The Florida election law was clearly incomplete, and into the gaps jumped the political strategy of both the Bush and Gore camps, and also the politically motivated discretion of public officials charged with important but incompletely regulated functions under the law. Gore could challenge the vote tallies precisely in the places where he was most likely to pick up votes while ignoring counties that might have had more votes for Bush. But it was, apparently, not only a perfectly legal challenge under the statute as written but the only sort of legal challenge envisioned in the law. Additionally, in the absence of clear and specific standards for counting machine-punched votes, Gore could argue for those standards most favorable to himself.
Of course it wasnt just Gore who was using the law to fit his own strategic purposes. Though the Bush team branded the four-county manual recounts as selective and unfair because they would leave legal votes for him uncounted elsewhere in the state, the power to fix the selectivity by filing challenges in the other counties was clearly in Bushs hand. But of course he did not want to use that power because it might not have benefited him politically. What did benefit Bush politically was dragging every legal challenge on every point out as long as possible. The uncertainty of the law and the repeated legal challenges that were necessary to sort out what the law was clearly benefited the person who held the advantage of the status quo.
Republican Katherine Harris, charged with supervising the elections, had to make her decisions under a statute that omitted any clear standards about what she might use as a legitimate basis for rejecting late returns. On a cynical view, she took this as blanket permission to reject anything that might operate against the candidate she preferred. In addition, without clear standards, the various county canvassing boards could justify whatever it was that they wanted to do count or not count, omit dimpled chads or not, as the case may be.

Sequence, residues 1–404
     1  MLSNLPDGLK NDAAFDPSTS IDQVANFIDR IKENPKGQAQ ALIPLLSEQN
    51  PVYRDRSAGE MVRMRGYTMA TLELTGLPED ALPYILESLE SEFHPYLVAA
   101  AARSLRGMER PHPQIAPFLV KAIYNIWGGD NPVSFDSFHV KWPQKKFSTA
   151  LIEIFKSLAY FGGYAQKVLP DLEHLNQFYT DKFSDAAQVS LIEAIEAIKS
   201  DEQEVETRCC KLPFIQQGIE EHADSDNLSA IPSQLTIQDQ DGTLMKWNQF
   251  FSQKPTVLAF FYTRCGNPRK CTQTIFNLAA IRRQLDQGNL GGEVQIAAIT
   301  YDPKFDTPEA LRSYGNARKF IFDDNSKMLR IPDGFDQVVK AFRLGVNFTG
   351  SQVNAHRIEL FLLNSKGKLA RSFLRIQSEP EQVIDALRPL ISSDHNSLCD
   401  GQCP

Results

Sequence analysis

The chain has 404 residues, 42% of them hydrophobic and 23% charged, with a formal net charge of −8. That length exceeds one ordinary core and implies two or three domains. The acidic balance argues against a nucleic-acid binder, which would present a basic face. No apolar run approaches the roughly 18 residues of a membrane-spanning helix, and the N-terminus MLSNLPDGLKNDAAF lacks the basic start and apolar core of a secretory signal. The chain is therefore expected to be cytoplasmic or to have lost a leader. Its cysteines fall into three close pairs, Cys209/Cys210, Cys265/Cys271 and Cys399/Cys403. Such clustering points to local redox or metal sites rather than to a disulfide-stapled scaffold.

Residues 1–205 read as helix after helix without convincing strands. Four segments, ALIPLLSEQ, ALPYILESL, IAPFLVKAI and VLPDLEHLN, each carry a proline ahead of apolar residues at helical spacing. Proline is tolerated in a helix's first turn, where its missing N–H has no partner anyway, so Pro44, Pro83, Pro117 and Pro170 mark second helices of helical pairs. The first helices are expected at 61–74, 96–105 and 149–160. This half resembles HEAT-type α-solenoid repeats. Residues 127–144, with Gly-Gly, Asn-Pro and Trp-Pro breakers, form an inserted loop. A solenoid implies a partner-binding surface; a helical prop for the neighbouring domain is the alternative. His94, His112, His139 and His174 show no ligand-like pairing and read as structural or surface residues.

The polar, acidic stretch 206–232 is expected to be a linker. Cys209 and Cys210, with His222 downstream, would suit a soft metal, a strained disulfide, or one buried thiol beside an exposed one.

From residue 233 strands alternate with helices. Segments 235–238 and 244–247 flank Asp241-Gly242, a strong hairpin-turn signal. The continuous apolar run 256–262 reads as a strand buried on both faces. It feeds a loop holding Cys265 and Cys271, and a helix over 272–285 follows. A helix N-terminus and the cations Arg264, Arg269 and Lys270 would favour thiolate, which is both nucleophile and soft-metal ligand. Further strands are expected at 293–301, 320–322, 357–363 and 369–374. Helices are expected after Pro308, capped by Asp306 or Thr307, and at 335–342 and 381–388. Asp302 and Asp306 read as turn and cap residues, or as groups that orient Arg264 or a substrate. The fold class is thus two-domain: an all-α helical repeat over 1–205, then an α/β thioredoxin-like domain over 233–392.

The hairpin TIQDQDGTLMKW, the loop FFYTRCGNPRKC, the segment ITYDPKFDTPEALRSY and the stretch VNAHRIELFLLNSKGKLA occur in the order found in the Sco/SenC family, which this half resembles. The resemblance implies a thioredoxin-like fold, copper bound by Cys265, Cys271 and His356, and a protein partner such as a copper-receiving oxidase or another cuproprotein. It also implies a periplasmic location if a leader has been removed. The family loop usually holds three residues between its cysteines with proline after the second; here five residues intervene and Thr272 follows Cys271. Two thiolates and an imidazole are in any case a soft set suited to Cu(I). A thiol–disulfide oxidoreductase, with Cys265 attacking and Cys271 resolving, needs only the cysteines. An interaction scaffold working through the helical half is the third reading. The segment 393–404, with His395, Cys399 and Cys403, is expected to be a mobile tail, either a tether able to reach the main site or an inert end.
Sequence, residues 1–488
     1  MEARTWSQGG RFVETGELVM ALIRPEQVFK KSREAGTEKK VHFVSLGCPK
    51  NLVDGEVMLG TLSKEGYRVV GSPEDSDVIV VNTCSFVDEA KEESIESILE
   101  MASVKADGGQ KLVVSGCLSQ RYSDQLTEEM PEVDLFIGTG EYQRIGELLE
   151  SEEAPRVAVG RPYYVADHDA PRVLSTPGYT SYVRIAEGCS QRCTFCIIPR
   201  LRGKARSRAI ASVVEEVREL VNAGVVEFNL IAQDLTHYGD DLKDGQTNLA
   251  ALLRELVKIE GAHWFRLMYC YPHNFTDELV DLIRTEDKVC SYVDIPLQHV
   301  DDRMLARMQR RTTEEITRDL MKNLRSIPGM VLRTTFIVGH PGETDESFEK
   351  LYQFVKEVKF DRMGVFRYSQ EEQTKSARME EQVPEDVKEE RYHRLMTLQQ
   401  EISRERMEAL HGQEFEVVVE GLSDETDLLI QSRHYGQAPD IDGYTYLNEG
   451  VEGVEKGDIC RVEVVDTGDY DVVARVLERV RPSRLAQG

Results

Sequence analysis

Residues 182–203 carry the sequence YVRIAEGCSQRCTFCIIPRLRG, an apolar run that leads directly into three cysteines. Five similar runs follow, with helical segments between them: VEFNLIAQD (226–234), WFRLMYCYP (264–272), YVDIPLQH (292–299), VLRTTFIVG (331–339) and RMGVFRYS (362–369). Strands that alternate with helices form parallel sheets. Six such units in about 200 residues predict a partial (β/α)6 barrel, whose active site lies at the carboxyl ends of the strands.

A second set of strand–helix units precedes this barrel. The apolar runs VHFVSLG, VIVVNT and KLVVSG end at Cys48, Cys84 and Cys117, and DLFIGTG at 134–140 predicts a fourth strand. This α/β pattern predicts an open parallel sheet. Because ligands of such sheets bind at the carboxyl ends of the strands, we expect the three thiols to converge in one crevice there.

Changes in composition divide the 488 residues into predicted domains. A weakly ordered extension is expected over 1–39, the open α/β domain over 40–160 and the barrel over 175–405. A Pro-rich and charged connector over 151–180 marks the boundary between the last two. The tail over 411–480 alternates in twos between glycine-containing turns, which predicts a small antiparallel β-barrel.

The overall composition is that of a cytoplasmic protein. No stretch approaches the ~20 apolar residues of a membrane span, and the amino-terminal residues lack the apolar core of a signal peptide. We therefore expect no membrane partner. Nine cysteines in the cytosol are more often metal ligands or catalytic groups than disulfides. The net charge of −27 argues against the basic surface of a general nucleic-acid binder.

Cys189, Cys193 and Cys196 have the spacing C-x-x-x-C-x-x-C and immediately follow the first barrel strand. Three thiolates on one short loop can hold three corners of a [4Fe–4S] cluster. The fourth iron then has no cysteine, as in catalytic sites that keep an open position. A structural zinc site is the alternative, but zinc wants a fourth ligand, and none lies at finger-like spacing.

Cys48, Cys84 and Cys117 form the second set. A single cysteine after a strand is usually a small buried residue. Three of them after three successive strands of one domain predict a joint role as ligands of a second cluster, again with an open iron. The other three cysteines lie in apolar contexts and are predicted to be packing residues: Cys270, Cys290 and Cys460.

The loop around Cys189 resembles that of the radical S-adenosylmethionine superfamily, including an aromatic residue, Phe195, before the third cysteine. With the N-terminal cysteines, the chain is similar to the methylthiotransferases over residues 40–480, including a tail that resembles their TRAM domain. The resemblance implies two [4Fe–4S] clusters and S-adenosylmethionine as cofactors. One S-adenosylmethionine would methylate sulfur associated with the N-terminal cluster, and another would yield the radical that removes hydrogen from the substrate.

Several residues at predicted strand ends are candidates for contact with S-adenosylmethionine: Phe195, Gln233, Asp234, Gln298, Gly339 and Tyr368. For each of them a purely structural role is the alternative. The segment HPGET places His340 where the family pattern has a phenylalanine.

Badly drafted statutes do more than make the situations they regulate unclear; a statue as badly drafted as this one invites abuse. The non-partisan character of the law is assured primarily because the framework is settled before a particular dispute has arisen. The Florida statute did not make the election more predictable, orderly and fair. In the end, it prevented the predictable, orderly and fair resolution of the election.
The rights at stake were not the rights of the candidates, but instead the rights of the voters. And what is the substance of those rights? The substance is quite close to what the per curiam decision [of the Supreme Court] in Bush v. Gore said it was: the right to vote is a fundamental right that, precisely because it is fundamental, is subject to equal protection principles. That sort of analysis could have produced an early constitutional framework along the lines of count all the votes, but count them equally. Gore would have gotten his request to count the votes, but Bush would have gotten the guarantees that such a count would not be weighted in favor of those voters from whom Gore thought he could extract the most support.
Count all of the votes using the same standard would have meant supplementing Floridas defective statute with more stabilizing constitutional principles rather than literally construing the statute and compounding the uncertainty.
In the end, what happened was that the crucial contest in Election 2000 was in practice decided according to no discernible law at all.
Kim Lane Scheppele, a professor of law specializing in constitutional issues, presented the original essay upon which this was based in a workshop on Constitutional Law and Constitutional Theory at the Harvard Law School, February 16, 2001. The full essay will appear in the University of Pennsylvania Law Review, May 2001.
Originally published on March 22, 2001